Posted by: Loren Coleman on November 4th, 2006
Alsophis antiguae (pictured above) is a harmless grey-brown four-foot long snake, found only on Antigua, a small Caribbean island, thus it carries the common name the Antigua Racer Snake. It is considered the rarest snake in the world, with approximately 200 existing on a small island off the coast of Antigua.
But is there a bigger unknown snake on a nearby island?
Breaking news seems to indicate as much:
The Department of Environment [on the Caribbean’s Cayman Islands] said it was called to investigate a report of a large snake in the vicinity of Newlands recently after a resident said they had seen a snake that appeared to be some ten feet in length. (My emphasis – LC.)
However, the sighting was made during the night and they were unable to make out any distinctive markings on the animal.
A visit to the area yielded no sign of the mysterious creature, however, the Department remains on alert for any future sightings.
“We have had several reports of large exotic snakes over the years, they have invariably turned out to be our local Racer,” said Dr Mat Cottam, Terrestrial Ecologist with the Department of Environment.
“Racers can reach a length of four or five feet, but like all of our local snakes, they do not present any danger to people. Nonetheless, pet snakes have escaped in the past, and there is always a first time for something new to appear. We will continue to take this report seriously until further information becomes available.”
When asked whether such a snake might pose a threat to children in the area, Dr Cottam responded that this was a difficult question to answer in light of the fact that the size and species of the snake had not been confirmed.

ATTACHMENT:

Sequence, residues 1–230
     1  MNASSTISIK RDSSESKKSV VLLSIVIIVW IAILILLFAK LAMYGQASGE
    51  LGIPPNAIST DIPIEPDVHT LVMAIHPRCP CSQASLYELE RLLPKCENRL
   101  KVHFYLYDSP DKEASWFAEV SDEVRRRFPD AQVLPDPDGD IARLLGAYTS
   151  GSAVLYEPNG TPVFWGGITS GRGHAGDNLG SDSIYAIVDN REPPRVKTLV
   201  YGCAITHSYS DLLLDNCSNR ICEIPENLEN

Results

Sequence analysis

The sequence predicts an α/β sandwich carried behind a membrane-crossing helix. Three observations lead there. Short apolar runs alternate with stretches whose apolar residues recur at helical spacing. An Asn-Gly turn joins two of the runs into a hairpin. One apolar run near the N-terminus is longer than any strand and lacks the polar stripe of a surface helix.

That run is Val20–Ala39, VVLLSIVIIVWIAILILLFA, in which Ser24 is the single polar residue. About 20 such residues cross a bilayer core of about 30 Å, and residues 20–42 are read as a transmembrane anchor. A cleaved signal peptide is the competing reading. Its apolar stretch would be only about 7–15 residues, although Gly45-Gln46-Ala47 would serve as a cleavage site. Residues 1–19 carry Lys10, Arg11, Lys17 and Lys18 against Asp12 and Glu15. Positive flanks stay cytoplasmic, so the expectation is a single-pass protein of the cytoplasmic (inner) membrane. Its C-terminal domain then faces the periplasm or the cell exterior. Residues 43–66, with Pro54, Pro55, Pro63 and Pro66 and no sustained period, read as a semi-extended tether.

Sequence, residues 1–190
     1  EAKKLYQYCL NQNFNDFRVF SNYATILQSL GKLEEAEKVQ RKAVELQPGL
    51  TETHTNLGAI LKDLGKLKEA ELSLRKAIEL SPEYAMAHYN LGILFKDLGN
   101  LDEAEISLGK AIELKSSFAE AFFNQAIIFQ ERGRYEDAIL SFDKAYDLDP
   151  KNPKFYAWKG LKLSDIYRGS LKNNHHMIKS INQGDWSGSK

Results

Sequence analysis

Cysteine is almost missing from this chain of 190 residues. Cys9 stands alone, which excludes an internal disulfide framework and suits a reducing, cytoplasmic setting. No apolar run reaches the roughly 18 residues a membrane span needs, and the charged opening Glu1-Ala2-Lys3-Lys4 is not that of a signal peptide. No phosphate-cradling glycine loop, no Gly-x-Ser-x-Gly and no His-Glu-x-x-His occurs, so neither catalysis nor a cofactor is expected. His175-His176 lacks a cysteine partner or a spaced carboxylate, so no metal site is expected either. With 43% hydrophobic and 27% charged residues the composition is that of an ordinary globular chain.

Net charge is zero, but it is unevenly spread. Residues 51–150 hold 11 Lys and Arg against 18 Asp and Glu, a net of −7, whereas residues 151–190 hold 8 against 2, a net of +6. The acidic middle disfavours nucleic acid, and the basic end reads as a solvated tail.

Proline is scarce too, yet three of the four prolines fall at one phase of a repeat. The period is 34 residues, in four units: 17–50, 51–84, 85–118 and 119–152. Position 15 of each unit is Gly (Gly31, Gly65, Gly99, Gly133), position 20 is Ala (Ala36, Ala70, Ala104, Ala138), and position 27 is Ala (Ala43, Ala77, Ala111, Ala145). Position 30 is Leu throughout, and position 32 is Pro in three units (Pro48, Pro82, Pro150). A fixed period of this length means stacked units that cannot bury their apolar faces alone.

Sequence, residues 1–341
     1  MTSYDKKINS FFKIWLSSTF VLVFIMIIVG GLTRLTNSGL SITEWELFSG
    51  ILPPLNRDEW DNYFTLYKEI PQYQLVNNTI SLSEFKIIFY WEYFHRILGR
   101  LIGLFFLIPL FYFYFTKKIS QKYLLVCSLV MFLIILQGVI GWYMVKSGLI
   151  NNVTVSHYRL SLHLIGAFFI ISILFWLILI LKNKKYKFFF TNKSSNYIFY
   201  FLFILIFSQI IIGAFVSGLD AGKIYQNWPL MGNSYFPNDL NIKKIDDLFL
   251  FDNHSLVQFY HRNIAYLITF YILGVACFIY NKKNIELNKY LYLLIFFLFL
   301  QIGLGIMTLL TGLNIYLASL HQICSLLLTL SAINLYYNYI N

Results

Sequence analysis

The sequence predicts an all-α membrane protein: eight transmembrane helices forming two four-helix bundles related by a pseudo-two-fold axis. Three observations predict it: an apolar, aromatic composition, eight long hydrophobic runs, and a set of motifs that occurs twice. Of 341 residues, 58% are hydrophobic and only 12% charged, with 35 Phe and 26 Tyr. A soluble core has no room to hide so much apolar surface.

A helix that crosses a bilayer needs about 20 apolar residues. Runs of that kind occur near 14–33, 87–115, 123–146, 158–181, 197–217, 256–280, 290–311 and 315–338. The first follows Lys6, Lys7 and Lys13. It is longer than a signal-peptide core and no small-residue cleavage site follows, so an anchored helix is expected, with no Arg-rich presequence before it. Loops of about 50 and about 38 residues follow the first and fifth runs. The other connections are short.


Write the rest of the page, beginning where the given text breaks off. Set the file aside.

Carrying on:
“Until we are able to determine for sure what this creature is, and how large it is, it would be wise to err on the side of caution. Snakes do not generally go out of their way to attack people, and are best left alone. No snake should be approached, unless you are absolutely familiar with the species,” he warned.
Source: Saturday, November 4, 2006 "Newlands snake sighting remains a mystery " Cayman Net News Cayman Islands
Loren Coleman is one of the world’s leading cryptozoologists, some say “the” leading living cryptozoologist. Certainly, he is acknowledged as the current living American researcher and writer who has most popularized cryptozoology in the late 20th and early 21st centuries. Starting his fieldwork and investigations in 1960, after traveling and trekking extensively in pursuit of cryptozoological mysteries, Coleman began writing to share his experiences in 1969. An honorary member of Ivan T. Sanderson’s Society for the Investigation of the Unexplained in the 1970s, Coleman has been bestowed with similar honorary memberships of the North Idaho College Cryptozoology Club in 1983, and in subsequent years, that of the British Columbia Scientific Cryptozoology Club, CryptoSafari International, and other international organizations. He was also a Life Member and Benefactor of the International Society of Cryptozoology (now-defunct). Loren Coleman’s daily blog, as a member of the Cryptomundo Team, served as an ongoing avenue of communication for the ever-growing body of cryptozoo news from 2005 through 2013. He returned as an infrequent contributor beginning Halloween week of 2015. Coleman is the founder in 2003, and current director of the International Cryptozoology Museum in Portland, Maine.